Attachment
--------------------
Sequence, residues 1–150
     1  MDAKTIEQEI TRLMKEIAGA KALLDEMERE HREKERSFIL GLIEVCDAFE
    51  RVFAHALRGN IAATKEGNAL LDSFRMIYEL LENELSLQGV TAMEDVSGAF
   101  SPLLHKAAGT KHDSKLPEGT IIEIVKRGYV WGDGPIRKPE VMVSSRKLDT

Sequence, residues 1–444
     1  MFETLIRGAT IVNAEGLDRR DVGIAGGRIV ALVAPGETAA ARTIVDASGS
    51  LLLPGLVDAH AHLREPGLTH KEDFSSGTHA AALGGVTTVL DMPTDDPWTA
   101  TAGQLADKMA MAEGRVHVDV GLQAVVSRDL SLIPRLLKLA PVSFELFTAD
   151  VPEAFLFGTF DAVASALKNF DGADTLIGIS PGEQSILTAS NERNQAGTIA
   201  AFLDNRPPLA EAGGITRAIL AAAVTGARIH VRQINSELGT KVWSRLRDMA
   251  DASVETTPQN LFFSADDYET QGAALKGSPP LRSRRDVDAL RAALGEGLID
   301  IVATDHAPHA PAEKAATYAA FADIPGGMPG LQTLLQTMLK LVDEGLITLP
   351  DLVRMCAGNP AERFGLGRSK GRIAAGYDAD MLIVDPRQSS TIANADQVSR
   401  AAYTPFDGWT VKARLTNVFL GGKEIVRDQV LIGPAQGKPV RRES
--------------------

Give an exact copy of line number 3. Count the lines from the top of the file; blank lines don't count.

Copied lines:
    51  RVFAHALRGN IAATKEGNAL LDSFRMIYEL LENELSLQGV TAMEDVSGAF